Fidelity is defined as the strict observance of promises, duties, etc. or adherence to fact or detail. Unfortunately, some officers and managers are not always honest and may be tempted to divert money and other financial assets from your organization for personal gain. This would be known as a Fidelity claim. Fidelity claims are on the rise.

Fraud, the intentional perversion of the truth in order to induce another to part with something of value or to surrender a legal right, is the umbrella term for many financial losses. Fraud is the most common crime perpetrated against nonprofits.

Someone inside or outside the organization can commit a fraud or a theft of organizational assets or resources. An employee can embezzle funds, steal office supplies or merchandise, pad his/her expense accounts or create a fictitious company and bill the organization for services never rendered. An outsider can sell bogus merchandise, overcharge the organization for materials or services or entice the organization to make bad investments. Imagination is the only limit of the ways to defraud an organization.

Insurance cannot and does not cover all of these circumstances. Unfortunately, for every control or security system the organization implements, there is always someone smart enough to breach it. Catching wrongdoing before it translates to sizable losses is the key.

Directors, managers, chief officers, accountants, administrative assistants, thrift shop managers and special event coordinators all could become a financial drain on any organization if they do not perform their job responsibilities with fidelity. The real problem for an organization is that when these losses occur, they generally occur over relatively long periods of time. This may result in staggeringly high losses.

There are proven risk control methods for reducing the possibility of the conditions that make Fidelity theft possible. The following are some of these controls:

For Persons With Purchasing, Fund Management and Check Writing Responsibilities:

  • Screen applicants for these positions. Establish and follow screening procedures, which may include reference checks, credit checks and criminal records checks. Use these procedures for all applicants but check only for information relevant to the duties of the position to avoid charges of discrimination against a particular group.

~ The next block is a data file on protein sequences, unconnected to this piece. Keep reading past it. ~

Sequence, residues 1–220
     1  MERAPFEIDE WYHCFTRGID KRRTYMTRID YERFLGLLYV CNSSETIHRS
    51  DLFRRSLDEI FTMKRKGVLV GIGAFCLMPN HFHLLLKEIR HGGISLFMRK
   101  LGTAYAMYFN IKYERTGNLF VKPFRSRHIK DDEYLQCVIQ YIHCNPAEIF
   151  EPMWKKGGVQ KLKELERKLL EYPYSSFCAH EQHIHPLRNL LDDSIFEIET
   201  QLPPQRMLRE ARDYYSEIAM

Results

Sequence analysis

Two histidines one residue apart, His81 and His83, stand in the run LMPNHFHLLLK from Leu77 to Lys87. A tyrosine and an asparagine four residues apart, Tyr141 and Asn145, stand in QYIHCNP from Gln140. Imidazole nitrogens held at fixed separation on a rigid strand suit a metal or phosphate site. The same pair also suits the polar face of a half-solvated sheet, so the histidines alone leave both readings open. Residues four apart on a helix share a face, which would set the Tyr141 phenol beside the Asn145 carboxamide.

• Observe new employees. Watch daily receipts and scrutinize the work of new employees until you are satisfied that you can trust them.
  • Checks should always require two signatures, signed only after they have been written in full. Never sign blank checks or allow the use of signature stamps, even for convenience.
  • Have your organization’s bank require signature cards to be kept on file. Your organization should keep these up-to-date.
  • Bank statements should be received and reconciled by someone who does not have check writing authority.
  • Have an independent third party audit your books annually.
  • Whenever possible, do not permit persons with close personal ties (husband/wife; brother/sister; business partners) to have control of organizational check writing or reconciliation.
  • Require purchase orders and invoices for all purchases of property or service. Have these compared to the written checks.
  • Separate financial functions as much as is practical.
  • Conduct background checks on all new officers and members.
  • Have all financial policies in writing.
  • Review your organization’s insurance policies to assure available fidelity coverages are in place.

For Persons Who Handle Fund Raising or Special Events Cash:

  • Conduct background and credit checks on all new officers and members.
  • Do not permit persons with close personal ties (husband/wife; brother/sister; business partners) to handle cash without a third party present.
  • For large amounts of cash or for events occurring over a long period of time, have frequent pick-up and accounting of cash. Collected money should be bank deposited to limit the amount of on-hand cash.
  • Have at least two people responsible for reconciliation and deposit of cash.
  • Whenever possible, have some form of paper trail (ticket stubs, bill of sale and sign-in sheet) so that a close estimate of the anticipated cash can be obtained and confirmed.
  • Have all financial policies in writing.
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